San Diego, CA: City Cooks Up Rules for Food Trucks

By Jeremy Ogul  |   Scoop San Diego


(Mission Valley News, San Diego, CA) – City rules for food trucks on private property began to take shape at an Oct. 23 hearing of the City Council’s Land Use & Housing Committee.

City staff have proposed regulating the food trucks’ proximity to restaurants, limiting their hours of operation and a creating a permit system for both property owners and food truck operators.

“This is just the beginning of a process,” said senior planner Amanda Lee.

With direction from committee members, city staff will reach out to stakeholders to gather input on the best way to craft the regulations. A set of proposed regulations likely will not be available until January, and they likely will not be finally approved by the full City Council until March 2014.

In the mean time, food truck owners have to just hope that they can make it through the winter.

“Food truck operators right now are in limbo,” said Chris Duggan of the California Restaurant Association, which represents both brick-and-mortar restaurant owners and food truck operators. “They don’t know where they can operate and when. Let’s move this through the process as fast as possible.”


Mission Valley’s big weekly food truck event was canceled in order to avoid a citation from the city, but many food truck events have gone on undisturbed because the city’s Code Enforcement only responds when a complaint is made. Even then, food truck complaints are a relatively low priority, said Mike Richmond, a senior zoning investigator.

“Our staffing levels are such that we have our hands full with much more serious health and safety matters,” Richmond said.

San Diego has 250 mobile food vendors that generate $38 million a year in economic activity throughout the San Diego region, according to an analysis by San Diego State University researchers.

Many of those vendors are members of the United Association of Food Trucks San Diego, which mostly represents Latino seafood truck owners.

“We all pay rent. We all pay taxes. Everything that a restaurant is required to do, we are required to do,” said Marco Polo Cortes, who represents the group.

Many brick-and-mortar restaurateurs do not feel the food truck owners are sharing equally in the burden, however.

The current situation is not a level playing ground for all businesses, said Jack Gambrell, who owns Sixth Avenue Bistro.

“With my downtown redevelopment fees that I’ve paid for 40 years, these areas are now prominent and flourishing,” Gambrell said. “If they’re going to take advantage of what we as owner and operators have developed, then they need to come up to the table and pay the fees and all the expenses that it took to get to this.”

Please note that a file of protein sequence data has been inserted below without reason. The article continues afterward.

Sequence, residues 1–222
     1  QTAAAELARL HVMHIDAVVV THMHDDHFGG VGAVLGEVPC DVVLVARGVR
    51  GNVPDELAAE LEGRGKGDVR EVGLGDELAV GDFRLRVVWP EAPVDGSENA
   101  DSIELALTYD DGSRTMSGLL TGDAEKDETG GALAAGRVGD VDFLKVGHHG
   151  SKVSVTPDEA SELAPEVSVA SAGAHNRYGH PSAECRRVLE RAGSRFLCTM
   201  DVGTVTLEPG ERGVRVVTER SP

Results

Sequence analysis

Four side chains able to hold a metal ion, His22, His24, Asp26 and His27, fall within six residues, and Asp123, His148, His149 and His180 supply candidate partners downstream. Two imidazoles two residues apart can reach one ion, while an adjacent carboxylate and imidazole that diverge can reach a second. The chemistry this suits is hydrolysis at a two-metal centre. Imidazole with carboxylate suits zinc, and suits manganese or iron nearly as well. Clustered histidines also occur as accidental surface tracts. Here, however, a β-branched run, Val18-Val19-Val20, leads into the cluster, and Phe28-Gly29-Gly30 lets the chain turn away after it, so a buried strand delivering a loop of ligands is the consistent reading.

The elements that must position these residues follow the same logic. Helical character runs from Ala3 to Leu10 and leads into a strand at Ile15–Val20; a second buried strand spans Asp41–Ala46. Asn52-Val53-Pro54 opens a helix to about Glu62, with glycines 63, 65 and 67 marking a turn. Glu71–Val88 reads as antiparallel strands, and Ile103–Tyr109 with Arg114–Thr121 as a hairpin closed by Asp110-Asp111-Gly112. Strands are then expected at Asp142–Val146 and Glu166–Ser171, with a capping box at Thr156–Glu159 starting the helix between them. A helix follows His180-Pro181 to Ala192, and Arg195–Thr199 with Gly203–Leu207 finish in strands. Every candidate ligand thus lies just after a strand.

Food truck operators should also have to comply with other costly measures, such as the Americans with Disabilities Act, he said.

Another issue to consider is that the city needs to be more careful about allowing food truck events that take up metered parking spaces, said Gary Smith, president of the San Diego Downtown Residents Group.

A group of food trucks secured a city permit for an event just outside the Gaslamp District, Smith said. This allows them to close down a portion of the street that has parking meters.

“The city is losing hundreds or thousands of dollars in meter revenues because that permit was issued for an entire year,” Smith said. “It’s unbelievable how much money the city is losing because of that.”

Christian Murcia, who runs a food truck event booking service called Curbside Bites, took issue with the idea of limiting a food truck’s proximity to a restaurant, at least on public streets.

“We’ve found that time and time again in California, any sort of proximity rule to restaurants or limiting hours of operations, unless it pertains to public health and public safety – it’s unconstitutional,” Murcia said. “Every city that’s tried to enact restrictions like this has been turned down.”

If restaurants do not want food trucks to park on the street in front of their building, the city should make it as easy as possible for food trucks to operate on private property, Murcia said.

City Councilmember Lorie Zapf, who chairs the committee, said she wants city staff to fully vet whatever proposal they come up with to ensure it is as fair as possible.

The Land Use and Housing Committee and the Planning Commission expect to take further action on the food truck regulation issue at their first meetings, respectively, of 2014.